What's the Value of a Property Joint Venture? - The Residual Method/Development Method of Valuation
1 month ago
This method is adopted in the valuation of bare land with development potential or developed land with potential to be redeveloped/renovated for a higher and better use. It involves the estimation of total cost of development and value of the project at completion as well as making reasonable allowances for profit and contingency. We consider it to be the developer’s ultimate tool for analysing Joint Venture deals
The residual method of valuation assesses the value of the proposed development at completion and deducts all costs of development and developer’s profit to get the land value, this can be expressed mathematically thus:
Now, to the elements of residual valuation, which are:
Otherwise known as Gross Development Value (GDV), this simply refers to the proceeds of sale or disposal of the property at completion and since the approach is to determine the surplus available after all costs have been met, the GDV is remuneration realisable from the development at completion.
What the valuer seeks to discern here is the ultimate value of the development which is afterwards spitted into costs and profits, thus establishing how much of the value remains as the amount/price for the land/site.
This includes agency fees, cost of advertising/marketing, legal fees et al, and are usually included because it is the net proceed realisable from disposal of the property that is required for the valuation.
Costs incurred in obtaining planning permissions and associated matters, building costs, professional fees and expenses, interests or financing costs, developer’s profit amongst some almost endless others.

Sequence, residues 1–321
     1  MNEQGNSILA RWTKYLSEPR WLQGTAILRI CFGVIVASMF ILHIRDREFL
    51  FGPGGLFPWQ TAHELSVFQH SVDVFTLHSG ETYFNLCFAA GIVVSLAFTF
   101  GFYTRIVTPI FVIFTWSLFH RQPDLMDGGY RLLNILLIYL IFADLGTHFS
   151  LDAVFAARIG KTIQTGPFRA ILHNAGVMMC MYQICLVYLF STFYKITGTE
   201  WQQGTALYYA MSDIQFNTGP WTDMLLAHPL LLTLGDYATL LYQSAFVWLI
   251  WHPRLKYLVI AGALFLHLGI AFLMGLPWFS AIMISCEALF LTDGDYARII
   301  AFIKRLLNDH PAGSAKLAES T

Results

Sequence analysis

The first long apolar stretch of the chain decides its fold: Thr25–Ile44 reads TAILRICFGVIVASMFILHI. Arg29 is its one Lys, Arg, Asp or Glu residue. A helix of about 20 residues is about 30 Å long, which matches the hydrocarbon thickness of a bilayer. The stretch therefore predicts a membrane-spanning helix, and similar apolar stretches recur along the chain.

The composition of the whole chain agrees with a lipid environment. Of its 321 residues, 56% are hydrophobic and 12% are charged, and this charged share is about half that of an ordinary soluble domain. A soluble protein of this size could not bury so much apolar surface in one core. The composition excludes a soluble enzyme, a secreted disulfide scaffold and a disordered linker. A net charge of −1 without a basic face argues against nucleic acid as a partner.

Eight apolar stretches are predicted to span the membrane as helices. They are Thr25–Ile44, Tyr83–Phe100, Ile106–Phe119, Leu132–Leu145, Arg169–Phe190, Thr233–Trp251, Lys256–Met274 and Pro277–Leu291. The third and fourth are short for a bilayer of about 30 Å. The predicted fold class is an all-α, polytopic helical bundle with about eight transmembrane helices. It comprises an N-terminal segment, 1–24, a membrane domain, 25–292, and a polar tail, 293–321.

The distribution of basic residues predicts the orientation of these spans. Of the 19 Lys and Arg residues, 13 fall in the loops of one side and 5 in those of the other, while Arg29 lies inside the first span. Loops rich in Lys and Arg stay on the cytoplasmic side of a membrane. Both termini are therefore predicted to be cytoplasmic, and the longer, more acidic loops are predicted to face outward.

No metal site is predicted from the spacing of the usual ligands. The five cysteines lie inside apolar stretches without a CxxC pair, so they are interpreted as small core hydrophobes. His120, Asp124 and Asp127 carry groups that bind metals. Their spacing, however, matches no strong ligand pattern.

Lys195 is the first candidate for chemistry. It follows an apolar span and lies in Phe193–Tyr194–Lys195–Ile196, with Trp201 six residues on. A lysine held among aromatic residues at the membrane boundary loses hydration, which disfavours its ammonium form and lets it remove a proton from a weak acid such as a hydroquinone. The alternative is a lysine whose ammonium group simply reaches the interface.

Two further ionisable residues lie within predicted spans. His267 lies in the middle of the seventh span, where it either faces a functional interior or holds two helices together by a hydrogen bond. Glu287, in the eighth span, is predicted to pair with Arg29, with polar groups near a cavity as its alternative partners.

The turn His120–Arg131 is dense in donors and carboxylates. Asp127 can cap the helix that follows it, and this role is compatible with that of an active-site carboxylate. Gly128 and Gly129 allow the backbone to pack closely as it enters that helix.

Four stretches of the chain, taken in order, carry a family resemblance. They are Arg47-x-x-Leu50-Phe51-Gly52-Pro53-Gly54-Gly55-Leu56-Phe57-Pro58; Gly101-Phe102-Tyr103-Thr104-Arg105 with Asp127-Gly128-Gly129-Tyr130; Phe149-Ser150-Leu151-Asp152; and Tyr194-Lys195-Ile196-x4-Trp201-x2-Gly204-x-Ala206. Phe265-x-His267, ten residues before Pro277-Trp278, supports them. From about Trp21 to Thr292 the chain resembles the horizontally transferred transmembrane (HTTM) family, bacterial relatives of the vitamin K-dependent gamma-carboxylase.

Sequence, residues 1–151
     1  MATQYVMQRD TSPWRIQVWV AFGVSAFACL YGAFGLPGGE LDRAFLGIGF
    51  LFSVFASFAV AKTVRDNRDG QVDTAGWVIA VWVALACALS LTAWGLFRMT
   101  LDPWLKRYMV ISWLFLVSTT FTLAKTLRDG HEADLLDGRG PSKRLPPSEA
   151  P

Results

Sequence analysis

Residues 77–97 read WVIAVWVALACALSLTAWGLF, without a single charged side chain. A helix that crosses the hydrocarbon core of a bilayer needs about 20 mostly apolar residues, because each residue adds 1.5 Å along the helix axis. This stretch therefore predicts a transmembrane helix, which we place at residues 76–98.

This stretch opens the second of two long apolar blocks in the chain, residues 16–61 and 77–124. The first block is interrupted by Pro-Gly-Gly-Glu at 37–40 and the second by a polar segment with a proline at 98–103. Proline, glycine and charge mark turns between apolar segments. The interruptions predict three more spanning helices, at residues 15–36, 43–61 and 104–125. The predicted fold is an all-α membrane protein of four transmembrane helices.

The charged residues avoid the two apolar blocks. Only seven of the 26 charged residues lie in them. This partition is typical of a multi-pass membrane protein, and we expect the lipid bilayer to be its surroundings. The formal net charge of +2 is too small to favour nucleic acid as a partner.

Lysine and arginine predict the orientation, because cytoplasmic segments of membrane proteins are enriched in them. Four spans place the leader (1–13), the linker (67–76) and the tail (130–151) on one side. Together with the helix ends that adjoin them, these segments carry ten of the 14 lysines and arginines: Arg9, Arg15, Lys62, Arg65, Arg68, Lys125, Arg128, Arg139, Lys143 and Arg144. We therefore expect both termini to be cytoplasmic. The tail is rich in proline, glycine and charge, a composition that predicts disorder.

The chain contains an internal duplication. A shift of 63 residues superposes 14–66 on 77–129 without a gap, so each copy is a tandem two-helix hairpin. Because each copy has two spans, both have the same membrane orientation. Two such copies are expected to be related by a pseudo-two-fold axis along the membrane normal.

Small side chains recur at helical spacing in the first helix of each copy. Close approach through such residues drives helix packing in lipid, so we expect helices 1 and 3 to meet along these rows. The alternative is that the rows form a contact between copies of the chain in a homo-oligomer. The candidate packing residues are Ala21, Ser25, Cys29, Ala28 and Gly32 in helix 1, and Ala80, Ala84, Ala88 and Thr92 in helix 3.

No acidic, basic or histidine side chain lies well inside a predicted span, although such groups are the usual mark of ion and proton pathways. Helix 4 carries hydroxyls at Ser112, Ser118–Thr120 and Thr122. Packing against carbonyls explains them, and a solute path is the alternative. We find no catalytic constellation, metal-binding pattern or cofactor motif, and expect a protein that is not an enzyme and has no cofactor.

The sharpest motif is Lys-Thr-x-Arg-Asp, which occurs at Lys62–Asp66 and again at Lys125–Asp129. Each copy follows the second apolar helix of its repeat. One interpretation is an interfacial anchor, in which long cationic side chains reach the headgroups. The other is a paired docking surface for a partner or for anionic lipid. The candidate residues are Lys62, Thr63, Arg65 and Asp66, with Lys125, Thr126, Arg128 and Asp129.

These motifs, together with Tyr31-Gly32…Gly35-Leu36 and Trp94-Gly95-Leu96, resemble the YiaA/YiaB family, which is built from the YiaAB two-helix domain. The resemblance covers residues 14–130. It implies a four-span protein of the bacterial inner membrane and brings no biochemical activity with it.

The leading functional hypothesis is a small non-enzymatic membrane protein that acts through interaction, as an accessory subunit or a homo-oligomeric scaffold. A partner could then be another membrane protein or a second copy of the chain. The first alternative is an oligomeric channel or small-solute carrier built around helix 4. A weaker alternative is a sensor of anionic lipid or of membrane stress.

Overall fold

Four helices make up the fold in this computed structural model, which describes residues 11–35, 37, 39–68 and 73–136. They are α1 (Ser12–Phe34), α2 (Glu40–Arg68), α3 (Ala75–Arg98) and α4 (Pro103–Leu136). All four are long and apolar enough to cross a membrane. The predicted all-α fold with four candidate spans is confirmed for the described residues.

I will, however broadly categorise them into three, namely:
in the early stages of the development cost of development is estimated and based on the prevailing cost of construction per sqm of the total floor area of the development. However, as the details become more advanced, it becomes imperative to have a professional prepare a priced bill of quantities. Also included in this cost are fees payable to the design team and other professionals involved in the development of the property.
No doubt building projects require huge sum of monies that are more often than not raised from banks and/or other financial institution. The cost of raising/borrowing the required sum is the interest charged on the sum borrowed which has to be given special consideration even if the developer is capable of funding the project internally.
As a result of uniqueness of development sites, certain features may warrant special costs such as cost of demolition of existing structures, site clearance, carting away of debris, filling of uneven land and so many other costs which may not be easily predictable. The payment of premium may also be considered to belong to this category.
As is the case with any risk enterprise, developers seek to make profit on their endeavors. Rate of return/profit margin depends largely on factors such as nature of the development and associated risks, the prevailing practice in the market, duration/period of the development, competition for development schemes, etc.
Having a profit margin carved in stone is therefore, not easy since investors’ target rate are bound to vary, they are however, usually expressed as a percentage of the total development cost (including interest) or the Gross Development Value (GDV).
In Assessing the land value, the valuer draws together the various elements already discussed, and, having established the value of the development at completion deducts the various costs to determine the residual land value.
Do note that the residual land value arrived at is not necessarily the same as value of the site, it should be considered in the context of the valuation exercise as a whole.
Also, in circumstances where building costs outweighs net proceeds, and a negative residual value is arrived it, it can be deduced that the site is not suitable for the proposed development.